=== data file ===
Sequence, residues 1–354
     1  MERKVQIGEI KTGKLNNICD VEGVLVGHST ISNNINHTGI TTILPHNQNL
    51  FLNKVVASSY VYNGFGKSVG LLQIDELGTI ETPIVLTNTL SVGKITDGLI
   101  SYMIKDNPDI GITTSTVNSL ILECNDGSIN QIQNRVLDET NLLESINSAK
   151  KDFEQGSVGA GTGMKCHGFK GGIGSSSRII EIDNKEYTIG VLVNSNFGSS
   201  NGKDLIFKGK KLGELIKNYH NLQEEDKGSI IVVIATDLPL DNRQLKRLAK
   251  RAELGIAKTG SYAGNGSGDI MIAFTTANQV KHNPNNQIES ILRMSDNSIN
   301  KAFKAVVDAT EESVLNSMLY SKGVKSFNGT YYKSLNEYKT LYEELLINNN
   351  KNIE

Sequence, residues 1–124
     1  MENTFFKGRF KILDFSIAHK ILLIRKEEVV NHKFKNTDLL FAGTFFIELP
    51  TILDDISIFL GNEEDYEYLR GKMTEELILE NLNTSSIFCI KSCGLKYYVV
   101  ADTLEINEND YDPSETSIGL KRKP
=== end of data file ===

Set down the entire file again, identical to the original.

Sequence, residues 1–354
     1  MERKVQIGEI KTGKLNNICD VEGVLVGHST ISNNINHTGI TTILPHNQNL
    51  FLNKVVASSY VYNGFGKSVG LLQIDELGTI ETPIVLTNTL SVGKITDGLI
   101  SYMIKDNPDI GITTSTVNSL ILECNDGSIN QIQNRVLDET NLLESINSAK
   151  KDFEQGSVGA GTGMKCHGFK GGIGSSSRII EIDNKEYTIG VLVNSNFGSS
   201  NGKDLIFKGK KLGELIKNYH NLQEEDKGSI IVVIATDLPL DNRQLKRLAK
   251  RAELGIAKTG SYAGNGSGDI MIAFTTANQV KHNPNNQIES ILRMSDNSIN
   301  KAFKAVVDAT EESVLNSMLY SKGVKSFNGT YYKSLNEYKT LYEELLINNN
   351  KNIE

Sequence, residues 1–124
     1  MENTFFKGRF KILDFSIAHK ILLIRKEEVV NHKFKNTDLL FAGTFFIELP
    51  TILDDISIFL GNEEDYEYLR GKMTEELILE NLNTSSIFCI KSCGLKYYVV
   101  ADTLEINEND YDPSETSIGL KRKP